Other aspects of the proposal include assessing a suggested “data-sharing system” for localities “that would focus on crime and recidivism among offenders released into their communities” and to “improve justice system partners’ abilities to produce a cross-system analysis that provides a better understanding of the contributions of pretrial, probation, parole, reentry, and other services to crime trends.”

The Justice Department proposal, which calls for spending $20 million next year, did not explicitly say that it would end the long-term partnership with outside entities on JRI.

DOJ officials would not elaborate to The Crime Report, but at least one Trump administration official in the department has said he believes that JRI is not consistent with the administration’s “tough on crime” practices.

In a fact sheet issued this week, Pew Charitable Trusts, the principal nonprofit that has partnered with the Justice Department on JRI, said that since 2007, 35 states have reformed sentencing and corrections policies through the initiative.

Other non-federal entities involved in the project are the Council of State Governments Justice Center and the Crime and Justice Institute, and other organizations. The partnering organizations declined to comment on the DOJ actions.

It is possible that they will ask members of Congress who support the current direction of JRI to object to the Trump administration’s changes.

As described by Pew, the state reforms vary, but they “aim to improve public safety and control taxpayer costs by prioritizing prison space for people convicted of serious offenses and investing some of the savings in alternatives to incarceration that are effective at reducing recidivism.”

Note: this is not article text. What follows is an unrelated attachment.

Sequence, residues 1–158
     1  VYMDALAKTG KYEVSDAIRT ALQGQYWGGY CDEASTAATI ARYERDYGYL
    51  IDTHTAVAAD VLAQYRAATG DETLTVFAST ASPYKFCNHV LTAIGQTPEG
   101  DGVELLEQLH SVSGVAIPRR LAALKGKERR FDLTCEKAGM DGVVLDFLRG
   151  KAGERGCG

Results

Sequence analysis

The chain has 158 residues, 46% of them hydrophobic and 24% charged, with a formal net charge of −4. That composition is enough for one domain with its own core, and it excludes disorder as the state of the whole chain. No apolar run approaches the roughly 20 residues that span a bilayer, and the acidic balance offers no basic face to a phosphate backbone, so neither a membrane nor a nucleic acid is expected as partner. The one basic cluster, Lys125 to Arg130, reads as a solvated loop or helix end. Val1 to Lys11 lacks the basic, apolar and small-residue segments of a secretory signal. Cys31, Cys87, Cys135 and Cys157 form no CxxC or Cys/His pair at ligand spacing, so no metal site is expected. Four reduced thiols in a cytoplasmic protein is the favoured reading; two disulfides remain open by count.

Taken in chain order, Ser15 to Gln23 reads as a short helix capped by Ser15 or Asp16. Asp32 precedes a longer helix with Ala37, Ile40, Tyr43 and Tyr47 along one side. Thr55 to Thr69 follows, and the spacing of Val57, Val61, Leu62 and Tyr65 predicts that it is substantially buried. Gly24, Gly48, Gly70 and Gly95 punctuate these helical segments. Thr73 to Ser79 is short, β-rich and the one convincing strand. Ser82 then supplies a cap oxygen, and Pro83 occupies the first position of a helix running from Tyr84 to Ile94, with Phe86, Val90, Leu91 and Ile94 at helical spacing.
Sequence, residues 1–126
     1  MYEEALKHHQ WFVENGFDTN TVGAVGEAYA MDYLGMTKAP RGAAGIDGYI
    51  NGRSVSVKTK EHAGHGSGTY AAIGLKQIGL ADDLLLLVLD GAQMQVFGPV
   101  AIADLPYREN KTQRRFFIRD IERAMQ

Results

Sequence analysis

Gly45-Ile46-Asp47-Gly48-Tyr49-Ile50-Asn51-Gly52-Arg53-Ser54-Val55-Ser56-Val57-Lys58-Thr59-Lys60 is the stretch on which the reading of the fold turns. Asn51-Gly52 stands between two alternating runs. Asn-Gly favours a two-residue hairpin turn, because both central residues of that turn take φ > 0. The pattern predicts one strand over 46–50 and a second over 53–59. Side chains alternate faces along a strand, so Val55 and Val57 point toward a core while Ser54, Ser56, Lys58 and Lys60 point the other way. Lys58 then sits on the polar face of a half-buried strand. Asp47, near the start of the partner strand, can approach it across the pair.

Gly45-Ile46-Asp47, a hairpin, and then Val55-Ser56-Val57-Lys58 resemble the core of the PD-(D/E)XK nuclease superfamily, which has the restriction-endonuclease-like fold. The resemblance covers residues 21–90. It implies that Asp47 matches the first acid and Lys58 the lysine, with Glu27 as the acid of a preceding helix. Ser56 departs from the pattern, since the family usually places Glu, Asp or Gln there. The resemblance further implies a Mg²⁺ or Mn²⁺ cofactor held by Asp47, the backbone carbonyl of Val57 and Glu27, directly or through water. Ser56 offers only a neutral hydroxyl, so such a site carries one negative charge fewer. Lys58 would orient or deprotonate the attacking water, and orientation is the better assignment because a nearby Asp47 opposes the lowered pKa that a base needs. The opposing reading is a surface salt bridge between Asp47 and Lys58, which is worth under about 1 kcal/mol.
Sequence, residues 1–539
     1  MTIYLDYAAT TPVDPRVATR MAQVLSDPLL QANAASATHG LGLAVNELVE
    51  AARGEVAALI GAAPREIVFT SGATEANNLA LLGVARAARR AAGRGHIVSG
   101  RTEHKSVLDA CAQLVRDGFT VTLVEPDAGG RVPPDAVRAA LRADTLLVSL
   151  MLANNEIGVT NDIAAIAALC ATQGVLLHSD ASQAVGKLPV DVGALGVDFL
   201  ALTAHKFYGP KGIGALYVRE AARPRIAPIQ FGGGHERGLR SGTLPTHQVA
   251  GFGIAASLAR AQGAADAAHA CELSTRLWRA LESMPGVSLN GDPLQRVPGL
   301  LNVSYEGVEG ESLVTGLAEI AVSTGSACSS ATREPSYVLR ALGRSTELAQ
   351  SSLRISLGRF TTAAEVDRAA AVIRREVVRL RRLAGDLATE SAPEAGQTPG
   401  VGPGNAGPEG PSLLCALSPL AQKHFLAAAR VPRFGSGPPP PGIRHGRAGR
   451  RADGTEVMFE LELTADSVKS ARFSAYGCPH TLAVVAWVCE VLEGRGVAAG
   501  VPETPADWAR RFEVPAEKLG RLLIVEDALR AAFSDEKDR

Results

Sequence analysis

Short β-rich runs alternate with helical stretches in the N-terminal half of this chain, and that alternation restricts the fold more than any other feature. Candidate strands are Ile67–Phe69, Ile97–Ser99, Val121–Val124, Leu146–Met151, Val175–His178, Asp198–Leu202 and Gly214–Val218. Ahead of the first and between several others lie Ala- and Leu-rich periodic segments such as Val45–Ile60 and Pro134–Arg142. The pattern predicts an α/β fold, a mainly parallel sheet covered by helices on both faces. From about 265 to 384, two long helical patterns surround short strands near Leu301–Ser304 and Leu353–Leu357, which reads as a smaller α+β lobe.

Since 2007, state imprisonment totals have dropped by 11 percent while crime rates have continued a long-term decline, Pew said. State justice reinvestment laws are expected to save billions of dollars in imprisonment costs.

The Pew publication includes a chart that lists various reforms enacted by states. The policy changes date from laws passed by Texas in 2007 that include easing terms of probation and improving government interventions in offenders’ mental health problems.

Six states passed JRI-related reforms last year, Pew said, including Arkansas, Georgia, Louisiana, Montana, Rhode Island, and North Dakota.

It was not immediately clear whether Pew would continue the aspects of the JRI project that involve helping states pass legislation on corrections issues if the federal government ends its participation.

Louisiana, which had led the nation in state incarceration rates, recently moved to number two behind Oklahoma as the result of changes enacted as part of the JRI initiative.

This week, Gov. John Bel Edwards announced that the state had saved $12.2 million in the current fiscal year, doubling Pew’s initial projections of $6.1 million.

One aspect of the new DOJ Justice Accountability Initiative that could delay or derail it is that like other Justice Department grant programs, applicants must cooperate with federal officials on immigration issues. In other words, “sanctuary cities” or “sanctuary states” would not qualify.

Lawsuits already are pending challenging such requirements for other grants. It is possible that applicants also will contest that announced limitation on the new initiative.

Ted Gest is president of Criminal Justice Journalists and Washington Bureau Chief of The Crime Report. He welcomes readers’ comments.